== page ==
ICYMI | #149

Berlinale controversy | Airstrikes on Rafah | Northern Ireland's new first minister

By Staff

Our weekly roundup of stories you may have missed.

Israeli forces target Rafah

Israeli airstrikes have hit Rafah in Gaza, an area that was previously designated as a "safe-zone" for fleeing Palestinian civilians. Defence Minister Yoav Gallant, whose statements were frequently used as examples of genocidal rhetoric during last month's ICJ hearings, declared that ground forces will now target the area, saying “we will continue until the end, there is no other way.” Over 27,000 Palestinians have now been killed by Israeli forces in Gaza since October. 

The UNRWA, a key pipeline for aid into Gaza, has announced it may have to suspend its operations at the end of this month after the US, UK, Germany and several other countries withdrew their funding of the body. Spain announced on Monday an additional 3.5 million euros to help support the organisation.

AfD politicians invited to Berlinale

The Berlinale Film Festival has come under intense criticism after two members of the far-right AfD party were invited to the opening ceremony on 15 February. An open letter signed by over 200 international film professionals criticising the festival was circulated on Friday. Berlinale issued a statement claiming that the festival “stands for basic democratic values and against right-wing extremism” and “joins the protests” against the far right, but has failed to withdraw the invitations.

Northern Ireland has a republican first minister

Michelle O’Neill of the Sinn Fein party has been appointed as Northern Ireland’s (NI) First Minister, marking the first time in history that an Irish republican has held the top position in the country’s government.

Retained as a UK territory following the struggle for Irish independence in 1921, NI is governed under a power-sharing agreement between unionists who want to be part of the UK, and nationalists who want to reunite with Ireland. Sinn Fein celebrated the news, saying that after a century of British rule, reunification with Ireland may now be “within touching distance.”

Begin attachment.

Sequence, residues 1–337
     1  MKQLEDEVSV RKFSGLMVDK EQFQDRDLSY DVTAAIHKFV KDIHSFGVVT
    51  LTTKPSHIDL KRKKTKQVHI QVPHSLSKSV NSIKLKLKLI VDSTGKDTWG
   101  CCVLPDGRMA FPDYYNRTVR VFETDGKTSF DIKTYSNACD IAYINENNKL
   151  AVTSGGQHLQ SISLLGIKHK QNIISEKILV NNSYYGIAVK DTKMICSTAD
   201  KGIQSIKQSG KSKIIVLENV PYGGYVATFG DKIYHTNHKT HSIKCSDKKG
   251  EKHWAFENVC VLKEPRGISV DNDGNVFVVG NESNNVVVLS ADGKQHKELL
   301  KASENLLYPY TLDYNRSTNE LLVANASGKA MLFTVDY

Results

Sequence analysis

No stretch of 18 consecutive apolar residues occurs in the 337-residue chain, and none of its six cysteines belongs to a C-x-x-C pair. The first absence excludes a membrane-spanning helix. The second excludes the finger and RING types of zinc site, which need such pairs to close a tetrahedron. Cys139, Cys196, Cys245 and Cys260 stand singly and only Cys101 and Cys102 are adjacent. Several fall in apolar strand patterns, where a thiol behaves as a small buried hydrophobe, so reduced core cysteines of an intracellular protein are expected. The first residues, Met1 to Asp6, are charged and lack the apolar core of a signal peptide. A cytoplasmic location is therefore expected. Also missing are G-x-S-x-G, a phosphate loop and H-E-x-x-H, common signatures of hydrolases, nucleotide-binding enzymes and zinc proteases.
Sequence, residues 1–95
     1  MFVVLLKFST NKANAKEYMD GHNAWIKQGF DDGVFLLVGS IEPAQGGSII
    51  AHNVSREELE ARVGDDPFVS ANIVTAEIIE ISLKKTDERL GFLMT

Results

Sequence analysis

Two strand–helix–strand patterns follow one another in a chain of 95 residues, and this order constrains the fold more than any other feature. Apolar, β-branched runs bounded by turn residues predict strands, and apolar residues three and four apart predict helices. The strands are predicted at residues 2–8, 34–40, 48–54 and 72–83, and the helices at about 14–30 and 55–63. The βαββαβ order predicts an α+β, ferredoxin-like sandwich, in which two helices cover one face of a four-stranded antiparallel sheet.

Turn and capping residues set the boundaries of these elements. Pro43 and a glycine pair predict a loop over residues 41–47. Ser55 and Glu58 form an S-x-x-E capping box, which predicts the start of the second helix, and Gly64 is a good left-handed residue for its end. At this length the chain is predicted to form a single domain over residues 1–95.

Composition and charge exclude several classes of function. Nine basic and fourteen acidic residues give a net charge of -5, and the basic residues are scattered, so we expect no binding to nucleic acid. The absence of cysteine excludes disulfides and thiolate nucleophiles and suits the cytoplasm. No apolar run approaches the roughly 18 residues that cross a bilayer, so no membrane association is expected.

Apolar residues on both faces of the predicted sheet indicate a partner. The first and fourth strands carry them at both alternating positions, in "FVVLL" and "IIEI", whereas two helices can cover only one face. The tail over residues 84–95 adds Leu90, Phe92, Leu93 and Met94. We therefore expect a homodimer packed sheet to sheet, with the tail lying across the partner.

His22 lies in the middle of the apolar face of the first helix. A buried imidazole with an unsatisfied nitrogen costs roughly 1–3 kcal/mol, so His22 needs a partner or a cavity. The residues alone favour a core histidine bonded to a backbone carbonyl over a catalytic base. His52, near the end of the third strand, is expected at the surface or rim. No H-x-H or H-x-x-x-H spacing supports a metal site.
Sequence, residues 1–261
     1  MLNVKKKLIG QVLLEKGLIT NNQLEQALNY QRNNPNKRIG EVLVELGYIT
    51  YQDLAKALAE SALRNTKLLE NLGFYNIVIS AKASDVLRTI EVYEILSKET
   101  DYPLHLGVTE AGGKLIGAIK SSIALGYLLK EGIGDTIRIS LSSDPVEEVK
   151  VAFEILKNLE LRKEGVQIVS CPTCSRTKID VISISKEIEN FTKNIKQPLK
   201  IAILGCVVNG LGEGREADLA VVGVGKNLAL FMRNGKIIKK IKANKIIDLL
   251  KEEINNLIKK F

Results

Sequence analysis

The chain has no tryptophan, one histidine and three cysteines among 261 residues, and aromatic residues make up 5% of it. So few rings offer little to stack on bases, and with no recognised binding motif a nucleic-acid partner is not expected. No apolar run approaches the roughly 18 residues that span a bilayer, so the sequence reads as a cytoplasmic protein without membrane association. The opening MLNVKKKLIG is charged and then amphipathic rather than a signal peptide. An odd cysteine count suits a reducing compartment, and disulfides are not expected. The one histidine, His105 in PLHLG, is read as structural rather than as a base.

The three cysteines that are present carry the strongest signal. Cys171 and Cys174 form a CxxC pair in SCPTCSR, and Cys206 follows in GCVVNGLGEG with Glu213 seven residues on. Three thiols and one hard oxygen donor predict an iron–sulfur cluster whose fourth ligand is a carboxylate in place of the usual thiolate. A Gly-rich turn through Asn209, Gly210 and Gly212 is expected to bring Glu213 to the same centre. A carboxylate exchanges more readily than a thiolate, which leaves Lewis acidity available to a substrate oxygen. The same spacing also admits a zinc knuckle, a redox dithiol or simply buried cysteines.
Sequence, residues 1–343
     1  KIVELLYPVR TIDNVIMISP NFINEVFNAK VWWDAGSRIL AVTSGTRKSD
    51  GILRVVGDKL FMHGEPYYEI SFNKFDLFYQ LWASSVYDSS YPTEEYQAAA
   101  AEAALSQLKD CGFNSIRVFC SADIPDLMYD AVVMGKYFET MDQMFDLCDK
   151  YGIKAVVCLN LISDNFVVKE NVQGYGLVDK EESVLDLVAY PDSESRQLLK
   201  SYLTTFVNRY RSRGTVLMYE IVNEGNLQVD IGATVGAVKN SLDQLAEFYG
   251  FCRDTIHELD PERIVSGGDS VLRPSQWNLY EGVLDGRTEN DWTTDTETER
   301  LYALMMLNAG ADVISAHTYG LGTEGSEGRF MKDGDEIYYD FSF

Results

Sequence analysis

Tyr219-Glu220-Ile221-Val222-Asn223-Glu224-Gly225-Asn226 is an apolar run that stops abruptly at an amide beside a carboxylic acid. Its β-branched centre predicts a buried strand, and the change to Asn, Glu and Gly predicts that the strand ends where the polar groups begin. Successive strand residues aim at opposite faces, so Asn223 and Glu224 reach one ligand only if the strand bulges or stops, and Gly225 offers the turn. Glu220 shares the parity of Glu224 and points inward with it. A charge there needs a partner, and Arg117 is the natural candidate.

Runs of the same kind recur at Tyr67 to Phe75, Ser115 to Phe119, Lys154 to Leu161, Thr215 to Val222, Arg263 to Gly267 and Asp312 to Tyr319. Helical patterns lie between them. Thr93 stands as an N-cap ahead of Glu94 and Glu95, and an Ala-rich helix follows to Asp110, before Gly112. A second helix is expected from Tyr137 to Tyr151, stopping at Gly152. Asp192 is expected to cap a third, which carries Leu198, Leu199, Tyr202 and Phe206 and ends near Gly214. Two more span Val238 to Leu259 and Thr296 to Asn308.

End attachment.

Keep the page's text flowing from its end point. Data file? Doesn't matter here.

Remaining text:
Tamil population protests on Sri Lankan Independence Day

Sunday 4 February marked the 76th anniversary of Sri Lankan independence from the British Empire. On the same day, the island’s Tamil population protest the Sri Lankan state-sponsored colonisation of Tamil homelands and genocide against the Tamil people.  Among the Tamil population, the day is known as Black Day. Protesting state oppression, military occupation, and lack of basic human rights, Tamil people raised black flags across the Northeastern region of the island. This year’s protests were met with the Sri Lankan state authorities firing tear gas and water cannons at the attendees.

A tree with two 'Free Humanitarians' signs taped to it. Next to it, a person stands in front of a sign that reads 'if helping is a crime we're all criminals.'

Free Humanitarians celebrate legal success

After a six-year legal battle, 16 humanitarians have been declared innocent by the Greek Mytilini Court in Lesvos. The defendants worked with sea rescue organisations to save asylum seekers in the Mediterranean before their criminalisation by Greek authorities, who accused them of laundering, espionage, illegally using radio frequencies and more in 2018. The decision sets crucial foundations for the upcoming felony trial that activists, including Sara Mardini and Seán Binder, are yet to face. Donate to Free Humanitarians to help fund their legal defence.

Kurdish captives executed in Iran

Iran’s regime has executed four Kurdish men. Mohsen Mazloum, Pejman Fatehi, Vafa Azarbar, and Mohammad Faramerzi were put to death on 29 January, despite widespread public outcry and attempts by relatives and human rights organisations to challenge their death sentences. Iran’s Kurdish population has long been systematically oppressed and persecuted alongside other activists and oppositional voices by the Islamic Republic.  According to Hengaw, the regime executed 829 people in 2023 alone.

Mass protests against femicide in Kenya

Thousands of people took to the streets in cities across Kenya last week to protest the rise in femicides. In January alone 21 femicides were reported, with the actual figure expected to be higher. But politicians and state authorities continue to disregard the urgency of the matter.

Campaigners of Usikimye, an organisation working towards ending sexual and gender-based violence, demand those in power to finally recognize and take action against femicides. The anti-femicide demonstrations were the largest mobilisation against sexual and gender-based violence in Kenyan history.

Header image licensed under CC BY-SA 4.0 DEED.